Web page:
Regularly having the highest quality, nutritionally-rich food reminds us how good food can really taste

It was unbelievable, that first juicy bite into our aquaponic tomatoes. Normally I dislike tomatoes. I don’t eat them on sandwiches, salads, and I don’t even use ketchup for my fries. However with this tomato, this vibrantly ruby colored tomato, I bit into it like a juicy apple. All of a sudden, tomatoes have flavor again! No more mealy, wet watery red stuff.  

A juicy tomato full of vital nutrients and living enzymes, I could taste the difference between living produce and the stuff from the store that has traveled miles upon miles to get there. Farm-to-table has never been closer to home when you can grow dinner 15 feet away from where you cook dinner!

Raising Fish protein in the same area as produce revolutionizes food access

Now this is a true game changer.  Gardening is typically a hobby or pastime and the produce you get out of it is a fun bonus.  However, rarely is someone able to raise their own high-quality protein.  Protein is vital for our health and fish protein is among the healthiest of all protein sources.  Healthy fish protein can be raised by anyone now, thanks to aquaponics.  

This changes our relationship with food by bringing a sustainable food system to anyone who needs it.  Gardening moves from hobby to security factor.  Guarantee your food security with an aquaponics garden. You’ll feel the joy of home food security.

Extreme season extension and even year round growing

My farm is here in Connecticut and I’m writing this during the third blizzard in the last week and a half. This is typically hibernation season for the local farmers.  Low sunlight, frigid temperatures and 3 feet of snow typically hinder plant growth.

Meanwhile, I can walk through the snowy path towards my own greenhouse. A sea of white on the inside, but as soon as I open the door I am greeted by a verdant sea of living greens. The air in my nose goes from icy to warm and even humid. It feels like spring inside the greenhouse.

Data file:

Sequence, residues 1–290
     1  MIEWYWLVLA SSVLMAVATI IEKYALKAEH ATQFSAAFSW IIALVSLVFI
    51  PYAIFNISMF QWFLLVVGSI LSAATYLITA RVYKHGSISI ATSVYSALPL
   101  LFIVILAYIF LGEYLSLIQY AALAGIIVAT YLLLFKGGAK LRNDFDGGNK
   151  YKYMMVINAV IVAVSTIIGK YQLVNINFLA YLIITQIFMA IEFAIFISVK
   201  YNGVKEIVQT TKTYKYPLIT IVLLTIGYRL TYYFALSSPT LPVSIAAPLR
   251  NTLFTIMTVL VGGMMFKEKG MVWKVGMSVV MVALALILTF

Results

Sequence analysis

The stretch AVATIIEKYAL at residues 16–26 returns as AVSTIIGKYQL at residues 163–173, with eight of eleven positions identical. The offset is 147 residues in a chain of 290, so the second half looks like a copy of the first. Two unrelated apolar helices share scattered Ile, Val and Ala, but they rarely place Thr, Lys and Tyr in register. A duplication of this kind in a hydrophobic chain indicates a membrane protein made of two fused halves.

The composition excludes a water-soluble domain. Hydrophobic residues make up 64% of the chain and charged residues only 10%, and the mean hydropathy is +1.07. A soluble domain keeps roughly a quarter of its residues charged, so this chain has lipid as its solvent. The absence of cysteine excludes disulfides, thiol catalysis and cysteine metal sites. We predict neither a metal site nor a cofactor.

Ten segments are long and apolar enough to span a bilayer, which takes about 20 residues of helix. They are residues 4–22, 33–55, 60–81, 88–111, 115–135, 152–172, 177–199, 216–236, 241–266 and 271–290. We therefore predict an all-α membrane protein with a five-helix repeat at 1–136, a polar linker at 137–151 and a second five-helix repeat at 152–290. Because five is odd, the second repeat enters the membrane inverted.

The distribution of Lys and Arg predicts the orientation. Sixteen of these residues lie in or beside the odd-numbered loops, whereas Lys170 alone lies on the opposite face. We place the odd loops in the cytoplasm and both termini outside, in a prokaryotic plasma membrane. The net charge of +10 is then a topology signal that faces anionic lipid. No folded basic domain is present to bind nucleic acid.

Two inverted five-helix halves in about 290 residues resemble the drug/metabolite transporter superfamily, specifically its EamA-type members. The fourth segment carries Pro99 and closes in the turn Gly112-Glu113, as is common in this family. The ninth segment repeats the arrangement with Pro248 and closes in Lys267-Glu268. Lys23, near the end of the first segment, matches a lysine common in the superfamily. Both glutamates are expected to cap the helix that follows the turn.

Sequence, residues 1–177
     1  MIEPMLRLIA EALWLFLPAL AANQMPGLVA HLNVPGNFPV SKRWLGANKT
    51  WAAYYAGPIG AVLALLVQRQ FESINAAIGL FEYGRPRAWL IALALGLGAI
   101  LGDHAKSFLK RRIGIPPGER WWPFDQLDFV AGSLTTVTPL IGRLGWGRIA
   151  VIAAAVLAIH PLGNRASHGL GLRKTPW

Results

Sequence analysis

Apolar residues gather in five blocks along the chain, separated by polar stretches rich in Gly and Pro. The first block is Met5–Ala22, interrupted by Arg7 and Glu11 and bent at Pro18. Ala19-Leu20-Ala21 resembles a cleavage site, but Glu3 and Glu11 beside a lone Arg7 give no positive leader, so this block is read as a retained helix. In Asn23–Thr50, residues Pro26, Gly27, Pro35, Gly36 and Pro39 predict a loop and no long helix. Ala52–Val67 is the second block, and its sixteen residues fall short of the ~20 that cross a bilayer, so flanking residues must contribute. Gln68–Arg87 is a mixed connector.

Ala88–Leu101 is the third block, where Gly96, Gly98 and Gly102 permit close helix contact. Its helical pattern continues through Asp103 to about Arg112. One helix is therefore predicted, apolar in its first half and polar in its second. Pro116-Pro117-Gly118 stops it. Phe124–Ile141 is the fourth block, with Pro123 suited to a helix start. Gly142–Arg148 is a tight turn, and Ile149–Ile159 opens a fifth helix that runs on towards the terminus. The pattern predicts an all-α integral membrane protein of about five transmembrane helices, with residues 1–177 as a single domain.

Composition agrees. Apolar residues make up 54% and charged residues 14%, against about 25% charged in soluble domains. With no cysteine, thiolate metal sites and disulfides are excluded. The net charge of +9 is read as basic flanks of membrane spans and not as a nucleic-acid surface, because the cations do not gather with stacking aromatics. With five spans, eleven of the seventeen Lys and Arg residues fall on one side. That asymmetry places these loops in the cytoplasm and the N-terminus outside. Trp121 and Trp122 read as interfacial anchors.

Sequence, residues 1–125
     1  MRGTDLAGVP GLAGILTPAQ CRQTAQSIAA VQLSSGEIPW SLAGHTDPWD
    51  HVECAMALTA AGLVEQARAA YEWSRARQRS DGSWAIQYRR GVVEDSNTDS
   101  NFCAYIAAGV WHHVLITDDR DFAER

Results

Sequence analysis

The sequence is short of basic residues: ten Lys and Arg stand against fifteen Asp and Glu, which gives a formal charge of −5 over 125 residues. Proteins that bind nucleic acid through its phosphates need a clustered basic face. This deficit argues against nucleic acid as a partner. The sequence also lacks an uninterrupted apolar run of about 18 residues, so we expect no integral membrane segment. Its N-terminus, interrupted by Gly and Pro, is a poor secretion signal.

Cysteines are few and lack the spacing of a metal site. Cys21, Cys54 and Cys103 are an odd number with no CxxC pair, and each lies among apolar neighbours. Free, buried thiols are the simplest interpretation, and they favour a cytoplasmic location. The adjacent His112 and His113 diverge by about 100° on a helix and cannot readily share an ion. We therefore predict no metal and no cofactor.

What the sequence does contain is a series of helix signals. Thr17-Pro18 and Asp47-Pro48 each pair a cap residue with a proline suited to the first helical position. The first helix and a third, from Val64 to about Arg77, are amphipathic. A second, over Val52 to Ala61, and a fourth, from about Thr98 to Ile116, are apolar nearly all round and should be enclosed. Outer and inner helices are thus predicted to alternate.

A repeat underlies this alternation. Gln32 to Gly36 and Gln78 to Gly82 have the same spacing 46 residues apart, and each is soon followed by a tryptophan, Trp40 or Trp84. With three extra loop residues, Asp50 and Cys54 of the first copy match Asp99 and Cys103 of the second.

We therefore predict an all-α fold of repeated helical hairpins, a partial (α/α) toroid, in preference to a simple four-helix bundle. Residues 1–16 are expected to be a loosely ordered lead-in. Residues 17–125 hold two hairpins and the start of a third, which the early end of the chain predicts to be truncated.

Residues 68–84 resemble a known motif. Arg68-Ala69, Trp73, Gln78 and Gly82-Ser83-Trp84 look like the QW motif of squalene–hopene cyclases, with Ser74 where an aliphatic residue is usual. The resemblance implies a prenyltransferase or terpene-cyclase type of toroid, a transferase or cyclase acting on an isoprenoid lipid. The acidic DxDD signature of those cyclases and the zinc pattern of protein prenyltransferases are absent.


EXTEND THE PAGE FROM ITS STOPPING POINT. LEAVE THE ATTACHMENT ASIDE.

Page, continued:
Year round and season extension is a vital way to keep local food systems sustainable and helps you get as much live produce as possible.

Mix food with sanctuary and grow your own sacred space


An added bonus of the season extension is that I have my own personal oasis during the frigid months.  The temperature is balmy 75-80 degrees during the winter and I like to kick back in there and read while the plants and fish do their thing.  During the spring, summer, and fall months the garden represents both the abundance of nature and the possibilities of the future. I find this space to be inspiring and my garden now represents a treasured sacred space in my daily life.  It allows me to take a few meditative minutes out of your day to reconnect with nature and your food.

The sound of water trickling, gurgling like a spring brook.  The smell of fresh air, rich with oxygen from the plants.  Not to mention the air is perfumed by rich herbs and fresh blooming flowers.  The effect of an aquaponics garden is stunning and provides a level of comfort and beauty that helps us reconnect with nature and with the way our food is produced.  Farming can be beautiful and when you spend some time in your own backyard paradise, you’ll see what it’s like.


Aquaponics works on any scale, from desktop to backyard to commercial size